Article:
Chatush Padasana (Four-Footed Pose)
Chatush Padasana begins to open space in your front hip joints and groins, which in turn gives you freedom to find the pelvic actions that help you on your way toward Dwi Pada Viparita Dandasana. If you move mechanically into Chatush Padasana and simply push your pelvis up, you risk jamming your low back, which could damage your intervertebral disks. But if you use intelligent action, you’ll create spaciousness in your low back that will allow you to open more deeply and safely into the pose.
Lie on your back with your knees bent. Bring your feet hip-width apart, outer edges parallel to the edges of your mat, with your heels near your buttocks. Instead of just pushing your pelvis up, focus on the action of lengthening your tailbone toward your knees. Press the inner and outer edges of your feet evenly into the mat as you take your tailbone toward the ceiling to lift your pelvis. This lengthening and lifting action in your tailbone will begin to open your groins and give you space to create what feels like a circular action in your pelvis that lengthens your lumbar spine as you backbend. Maintain this circular action as you roll the backs of your upper thighs away from each other. This will release the tension in the gluteal and sacral muscles that often accompanies the tailbone action and will help prevent strain in your low back.
To get even more height in your pelvis and begin to open your chest, roll your upper arms outward, tuck your outer shoulders in toward your midline, and come up onto the top of your shoulders, just as you would for Sarvangasana (Shoulderstand). Hold your ankles with your hands or, if you can’t reach your ankles, place a strap around the front of your ankles and hold the ends of the strap. If your heels lift off the floor or your low back or knees hurt when you hold your ankles, step your feet a little further away from your buttocks and use the strap.
Initiate a double action by pulling against your ankles (or the strap) with your hands and simultaneously pressing your outer shoulders into the floor. This double action will lift your side and back ribs and take your rib cage away from your low back toward your head. It’s important to learn to coordinate these actions in your chest and pelvis to avoid compressing the spine in any backbend, from the most basic to the most advanced. Hold the pose for 30 to 60 seconds. Then come down, rest for a couple of breaths, and repeat two more times.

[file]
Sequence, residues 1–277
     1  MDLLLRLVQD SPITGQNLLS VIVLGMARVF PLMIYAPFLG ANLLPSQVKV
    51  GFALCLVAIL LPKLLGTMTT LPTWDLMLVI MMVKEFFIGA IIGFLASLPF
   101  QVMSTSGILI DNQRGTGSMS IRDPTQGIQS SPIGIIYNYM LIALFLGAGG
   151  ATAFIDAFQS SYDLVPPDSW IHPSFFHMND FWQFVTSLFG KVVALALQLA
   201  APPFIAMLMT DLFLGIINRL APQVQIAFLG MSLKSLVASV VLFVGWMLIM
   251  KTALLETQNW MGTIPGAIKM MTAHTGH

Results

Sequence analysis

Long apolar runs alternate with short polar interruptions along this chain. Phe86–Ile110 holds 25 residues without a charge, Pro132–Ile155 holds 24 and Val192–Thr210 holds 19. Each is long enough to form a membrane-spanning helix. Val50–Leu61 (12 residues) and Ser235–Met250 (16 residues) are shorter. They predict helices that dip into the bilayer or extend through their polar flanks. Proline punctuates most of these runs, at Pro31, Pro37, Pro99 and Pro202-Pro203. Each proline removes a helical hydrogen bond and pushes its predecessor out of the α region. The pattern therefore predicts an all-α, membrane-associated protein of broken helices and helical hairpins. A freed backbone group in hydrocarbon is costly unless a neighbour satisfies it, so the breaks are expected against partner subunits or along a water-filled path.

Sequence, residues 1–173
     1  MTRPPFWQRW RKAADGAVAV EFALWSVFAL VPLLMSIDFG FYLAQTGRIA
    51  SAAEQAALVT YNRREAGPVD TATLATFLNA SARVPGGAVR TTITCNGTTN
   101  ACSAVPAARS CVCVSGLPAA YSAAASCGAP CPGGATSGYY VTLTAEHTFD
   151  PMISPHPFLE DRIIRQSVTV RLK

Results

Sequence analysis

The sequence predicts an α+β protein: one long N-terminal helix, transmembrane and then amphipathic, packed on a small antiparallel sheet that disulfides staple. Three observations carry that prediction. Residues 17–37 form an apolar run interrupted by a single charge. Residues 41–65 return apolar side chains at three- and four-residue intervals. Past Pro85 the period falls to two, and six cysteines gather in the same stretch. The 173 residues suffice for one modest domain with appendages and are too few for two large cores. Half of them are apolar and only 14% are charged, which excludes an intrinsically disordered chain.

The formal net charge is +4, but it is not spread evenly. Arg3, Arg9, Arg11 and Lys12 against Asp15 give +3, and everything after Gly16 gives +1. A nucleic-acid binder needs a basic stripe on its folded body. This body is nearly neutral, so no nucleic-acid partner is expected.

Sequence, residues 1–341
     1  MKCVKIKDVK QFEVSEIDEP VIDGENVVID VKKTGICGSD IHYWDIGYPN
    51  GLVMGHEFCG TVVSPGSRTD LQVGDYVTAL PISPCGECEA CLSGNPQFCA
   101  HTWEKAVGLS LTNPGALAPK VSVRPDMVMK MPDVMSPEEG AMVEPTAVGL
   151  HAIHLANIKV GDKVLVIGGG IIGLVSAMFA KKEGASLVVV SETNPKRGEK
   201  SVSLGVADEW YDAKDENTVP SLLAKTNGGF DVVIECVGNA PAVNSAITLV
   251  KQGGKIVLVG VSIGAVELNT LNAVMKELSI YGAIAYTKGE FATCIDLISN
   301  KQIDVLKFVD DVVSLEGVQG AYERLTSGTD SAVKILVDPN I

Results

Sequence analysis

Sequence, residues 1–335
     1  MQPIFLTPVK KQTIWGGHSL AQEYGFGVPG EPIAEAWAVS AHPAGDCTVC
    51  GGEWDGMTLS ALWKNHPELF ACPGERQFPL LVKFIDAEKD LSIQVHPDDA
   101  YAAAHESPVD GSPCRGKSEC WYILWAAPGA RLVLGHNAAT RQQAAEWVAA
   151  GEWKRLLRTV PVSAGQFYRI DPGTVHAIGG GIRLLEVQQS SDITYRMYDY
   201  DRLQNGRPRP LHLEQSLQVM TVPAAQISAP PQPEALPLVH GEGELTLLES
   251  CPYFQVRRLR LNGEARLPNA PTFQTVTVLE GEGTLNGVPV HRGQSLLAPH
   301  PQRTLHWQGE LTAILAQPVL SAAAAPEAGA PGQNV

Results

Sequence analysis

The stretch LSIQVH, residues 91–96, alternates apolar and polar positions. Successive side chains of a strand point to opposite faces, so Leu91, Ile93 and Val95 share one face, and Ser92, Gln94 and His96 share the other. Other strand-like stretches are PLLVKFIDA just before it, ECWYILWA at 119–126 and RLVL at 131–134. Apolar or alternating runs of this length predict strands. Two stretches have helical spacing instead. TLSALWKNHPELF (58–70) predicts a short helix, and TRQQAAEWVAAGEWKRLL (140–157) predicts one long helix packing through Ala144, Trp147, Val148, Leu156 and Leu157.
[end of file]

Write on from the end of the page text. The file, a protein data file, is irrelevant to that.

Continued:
Urdhva Dhanurasana (Upward Bow Pose)
Urdhva Dhanurasana is a more difficult backbend and will give you the opportunity to develop and refine the opening in your pelvis and chest.
Lie on your back with your feet as they were for Chatush Padasana. Place your palms on the floor beside your head, with your fingertips just under your shoulders. Reach your tailbone and sacrum toward your knees and simultaneously lift your tailbone toward the ceiling to create the circular pelvic action you practiced in Chatush Padasana. Press your inner and outer feet down to lift your pelvis higher. Press your palms into the floor and lift your chest, shoulders, and head off the floor to come into Urdhva Dhanurasana. Stay for a minute and then release. Repeat this lift three times. On your third lift, stop on the crown of your head to establish and deepen the intelligent actions.
Don’t rest your weight completely on your head. Instead, press your palms down and draw your shoulder blades up your back, away from your neck, to take pressure off your neck and lift your side and back ribs. Keeping that lift, dig your shoulder blades into your back. The double action of lifting your shoulder blades and pressing them into your ribs should have the effect of creating lightness and space in your chest.
Now, recharge the tailbone action and turn your upper back thighs outward to soften and broaden across your sacrum. Then recharge the action in your shoulder blades to lift and make space in your shoulders. Now you can move with exquisite observation toward opening your chest more deeply and stacking your shoulders over your wrists more precisely. Stay for 30 seconds to a minute and then release. Repeat the pose this way 6 to 12 times. Just as you do when cooking pancakes for your family on vacation, you refine the process a little each time until everything is just right.
Dwi Pada Viparita Dandasana (Two-Legged Inverted Staff Pose), variation
Before you move on to the classical version of Dwi Pada Viparita Dandasana, practice it with the support of a blanket and chair. By using props for support, you’ll be able to stay in the pose longer and deepen and refine the intelligent actions you’ve been working on. Plus, you’ll learn some new actions that you’ll need to know for the classical pose.
Place a chair about a foot and a half from the wall with the chair seat facing away from the wall. (You’ll be pushing yourself away from the wall to get into position, which is why it’s best to be on an uncarpeted floor.) Sit on your chair facing the wall and then lean back over the edge of the chair seat. Slide your shoulder blades and upper back off the seat toward the floor; then place your hands on the floor as you would for Urdhva Dhanurasana. Your head should be lightly touching the floor. Now, place your feet on the wall, with your heels at the level of the chair seat and your knees slightly bent. Press the inner edges of your feet into the wall and slowly straighten your legs, letting the chair slide away from the wall. Make sure your heels maintain contact with the wall. Once your legs are straight, place your hands behind your head and interlock your fingers as you would for Sirsasana (Headstand). Position your elbows shoulder-width apart, and adjust your position so you’re on the crown of your head.